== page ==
At the Campaign for the Protection of Rural England (CPRE) General Election Hustings, held in Horsham on 21st March, the subject of affordable housing was one of the issues that came up more than once.
It is clear that people who have been born in Horsham, and/or work within the Horsham area, are suffering because of the inflated house prices, caused significantly by property developers taking advantage of the disgraceful changes to the planning legislation brought in by this Conservative-led Government.
The National Planning Policy Framework (NPPF) is a broad brush policy that is pro-development, with a number of important areas that are open to interpretation which in reality will see developers win over the needs and views of the local community. The NPPF opens up a number of opportunities for developers to explore including:
Further support for building in the green belt;
Any council with a Local Plan older than 2004 looks vulnerable to planning appeals (which is the case in Horsham).
The framework is ambiguous in its attempt to balance viability against sustainability. The definition of sustainable development includes a social role for planning to support a community’s ‘health, social and cultural well-being’; affordable housing could certainly fall under this definition.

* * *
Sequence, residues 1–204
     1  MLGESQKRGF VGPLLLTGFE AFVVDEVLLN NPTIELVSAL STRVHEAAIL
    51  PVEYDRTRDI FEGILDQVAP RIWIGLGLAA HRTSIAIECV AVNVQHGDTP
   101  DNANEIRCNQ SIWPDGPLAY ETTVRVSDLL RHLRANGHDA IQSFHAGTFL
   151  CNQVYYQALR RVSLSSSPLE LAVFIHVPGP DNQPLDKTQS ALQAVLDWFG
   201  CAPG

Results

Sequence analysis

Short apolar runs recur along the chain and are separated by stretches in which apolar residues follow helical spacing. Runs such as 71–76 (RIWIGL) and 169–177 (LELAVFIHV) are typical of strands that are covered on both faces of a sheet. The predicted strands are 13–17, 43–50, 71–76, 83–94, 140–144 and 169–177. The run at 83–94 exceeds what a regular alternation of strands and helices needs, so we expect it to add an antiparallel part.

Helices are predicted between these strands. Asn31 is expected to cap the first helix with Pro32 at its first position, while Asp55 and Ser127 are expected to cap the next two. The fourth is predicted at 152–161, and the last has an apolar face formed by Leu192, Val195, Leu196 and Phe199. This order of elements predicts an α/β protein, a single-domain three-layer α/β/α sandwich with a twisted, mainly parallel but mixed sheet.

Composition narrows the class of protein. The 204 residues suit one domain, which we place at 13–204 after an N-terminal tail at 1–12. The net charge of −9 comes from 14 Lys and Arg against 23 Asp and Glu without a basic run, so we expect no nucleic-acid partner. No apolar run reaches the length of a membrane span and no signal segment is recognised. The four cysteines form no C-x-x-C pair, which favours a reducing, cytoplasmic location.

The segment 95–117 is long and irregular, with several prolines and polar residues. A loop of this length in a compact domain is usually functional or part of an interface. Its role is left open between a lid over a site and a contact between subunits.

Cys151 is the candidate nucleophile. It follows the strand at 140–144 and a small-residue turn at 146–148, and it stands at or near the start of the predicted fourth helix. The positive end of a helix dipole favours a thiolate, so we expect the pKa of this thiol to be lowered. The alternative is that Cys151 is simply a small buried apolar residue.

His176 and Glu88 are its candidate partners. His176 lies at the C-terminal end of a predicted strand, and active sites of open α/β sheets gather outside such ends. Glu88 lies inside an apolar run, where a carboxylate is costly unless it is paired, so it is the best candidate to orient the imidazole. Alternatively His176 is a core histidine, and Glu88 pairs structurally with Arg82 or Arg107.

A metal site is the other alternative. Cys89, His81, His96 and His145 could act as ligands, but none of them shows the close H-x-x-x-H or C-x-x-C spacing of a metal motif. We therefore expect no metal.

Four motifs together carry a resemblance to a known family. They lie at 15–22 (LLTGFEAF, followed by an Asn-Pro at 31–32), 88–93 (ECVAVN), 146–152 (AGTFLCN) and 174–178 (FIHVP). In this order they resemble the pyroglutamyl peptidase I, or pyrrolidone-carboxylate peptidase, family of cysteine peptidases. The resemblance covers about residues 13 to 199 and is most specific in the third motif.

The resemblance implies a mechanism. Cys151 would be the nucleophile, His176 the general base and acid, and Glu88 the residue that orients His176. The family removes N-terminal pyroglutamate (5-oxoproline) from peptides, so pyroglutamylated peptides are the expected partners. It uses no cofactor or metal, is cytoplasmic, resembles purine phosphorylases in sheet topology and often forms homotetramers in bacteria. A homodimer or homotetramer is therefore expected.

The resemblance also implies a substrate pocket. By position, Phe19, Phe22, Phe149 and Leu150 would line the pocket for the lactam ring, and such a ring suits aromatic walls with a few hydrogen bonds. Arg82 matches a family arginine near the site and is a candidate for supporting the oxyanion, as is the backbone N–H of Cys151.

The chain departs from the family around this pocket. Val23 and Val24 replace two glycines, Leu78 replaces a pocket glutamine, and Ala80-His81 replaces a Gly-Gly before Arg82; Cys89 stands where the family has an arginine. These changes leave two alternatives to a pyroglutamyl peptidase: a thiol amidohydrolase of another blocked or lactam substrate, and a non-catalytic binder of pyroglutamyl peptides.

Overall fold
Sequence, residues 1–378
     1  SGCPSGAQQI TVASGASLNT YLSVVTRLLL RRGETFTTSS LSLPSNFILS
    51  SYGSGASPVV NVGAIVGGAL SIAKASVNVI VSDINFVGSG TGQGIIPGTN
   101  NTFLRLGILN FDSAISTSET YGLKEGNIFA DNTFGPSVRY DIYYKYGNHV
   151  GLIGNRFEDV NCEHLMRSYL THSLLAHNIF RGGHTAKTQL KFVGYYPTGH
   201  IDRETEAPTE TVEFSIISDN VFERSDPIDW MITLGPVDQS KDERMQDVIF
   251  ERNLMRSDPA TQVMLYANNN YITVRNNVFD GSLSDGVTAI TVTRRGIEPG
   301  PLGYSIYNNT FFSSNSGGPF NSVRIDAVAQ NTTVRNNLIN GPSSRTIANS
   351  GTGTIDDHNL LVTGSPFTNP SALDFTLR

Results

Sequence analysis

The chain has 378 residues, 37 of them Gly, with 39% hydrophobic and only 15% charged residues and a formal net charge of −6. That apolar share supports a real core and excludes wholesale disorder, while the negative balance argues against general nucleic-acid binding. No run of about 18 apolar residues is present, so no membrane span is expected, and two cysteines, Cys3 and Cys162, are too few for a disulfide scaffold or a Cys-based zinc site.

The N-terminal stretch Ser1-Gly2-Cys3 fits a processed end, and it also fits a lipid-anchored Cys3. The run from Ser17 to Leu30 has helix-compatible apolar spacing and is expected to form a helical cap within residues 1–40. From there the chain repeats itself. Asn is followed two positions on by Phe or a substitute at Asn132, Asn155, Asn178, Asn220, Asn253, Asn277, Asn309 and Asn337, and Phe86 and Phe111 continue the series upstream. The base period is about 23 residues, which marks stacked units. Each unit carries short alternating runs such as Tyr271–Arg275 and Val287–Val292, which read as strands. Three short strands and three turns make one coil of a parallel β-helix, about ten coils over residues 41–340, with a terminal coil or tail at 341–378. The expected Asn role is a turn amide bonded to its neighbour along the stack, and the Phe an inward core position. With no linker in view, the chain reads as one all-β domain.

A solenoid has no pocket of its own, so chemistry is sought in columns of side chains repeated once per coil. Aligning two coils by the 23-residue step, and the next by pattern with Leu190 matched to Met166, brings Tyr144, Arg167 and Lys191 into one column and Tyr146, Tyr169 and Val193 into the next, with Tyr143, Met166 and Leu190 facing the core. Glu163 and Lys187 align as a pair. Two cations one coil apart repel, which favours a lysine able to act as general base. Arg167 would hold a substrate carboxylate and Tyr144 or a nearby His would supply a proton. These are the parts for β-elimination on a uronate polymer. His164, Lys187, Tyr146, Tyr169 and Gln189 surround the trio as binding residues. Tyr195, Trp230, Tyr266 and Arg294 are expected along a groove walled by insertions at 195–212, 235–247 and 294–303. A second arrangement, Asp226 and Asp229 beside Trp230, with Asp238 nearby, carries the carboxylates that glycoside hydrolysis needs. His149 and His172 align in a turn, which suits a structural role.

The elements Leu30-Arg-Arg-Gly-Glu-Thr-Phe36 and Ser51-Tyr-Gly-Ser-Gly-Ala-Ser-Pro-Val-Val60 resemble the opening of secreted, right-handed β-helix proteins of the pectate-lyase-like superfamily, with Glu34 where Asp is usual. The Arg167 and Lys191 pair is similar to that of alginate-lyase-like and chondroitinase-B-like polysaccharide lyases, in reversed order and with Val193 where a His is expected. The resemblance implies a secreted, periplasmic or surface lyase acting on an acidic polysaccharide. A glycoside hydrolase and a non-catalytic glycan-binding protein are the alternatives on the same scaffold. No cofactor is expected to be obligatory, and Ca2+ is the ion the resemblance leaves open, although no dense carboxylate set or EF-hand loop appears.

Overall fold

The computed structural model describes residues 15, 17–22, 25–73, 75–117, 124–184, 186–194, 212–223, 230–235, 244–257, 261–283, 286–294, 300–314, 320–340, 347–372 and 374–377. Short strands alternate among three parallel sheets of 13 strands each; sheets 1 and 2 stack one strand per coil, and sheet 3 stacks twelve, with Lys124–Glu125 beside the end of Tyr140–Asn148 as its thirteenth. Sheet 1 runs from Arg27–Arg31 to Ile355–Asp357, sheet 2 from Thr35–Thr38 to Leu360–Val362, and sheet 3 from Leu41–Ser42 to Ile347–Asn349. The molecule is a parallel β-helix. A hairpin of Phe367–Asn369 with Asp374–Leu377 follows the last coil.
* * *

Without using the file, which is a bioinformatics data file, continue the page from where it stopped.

But the NPPF goes on to say that, to ensure viability, developments should provide ‘competitive returns to a willing landowner and willing developer’ and that the costs of including affordable housing should take this into account. In other words, if including affordable homes in a development wouldn’t provide ‘competitive returns’, then developers won’t have to build them.
In Horsham, we have seen the reality of the NPPF effects. Consider the 2,000 homes being due to be built in West Horsham, or the 4,000 homes to be built by Liberty in North Horsham. In both of these developments ten per cent social/affordable housing is planned. This is significantly lower than was in place when Labour held power. For Horsham this will mean ever increasing house prices creating a situation where only the very wealthiest households will be able to afford to live here.
Labour nationally is committed to addressing the housing crisis and will review all planning legislation in order to deliver many more homes for people of moderate and no income can afford.
Locally newly elected Labour councillors would oppose any large scale development such as that being proposed North of Horsham, that did not include a minimum of 50 per cent affordable housing.
We wish to create truly sustainable housing development and the planning process must be overhauled to deliver homes for people, not massive profits for developers, property agents and buy-to- let landlords.
Labour Parliamentary candidate for Horsham, c/o Wimblehurst Road, Horsham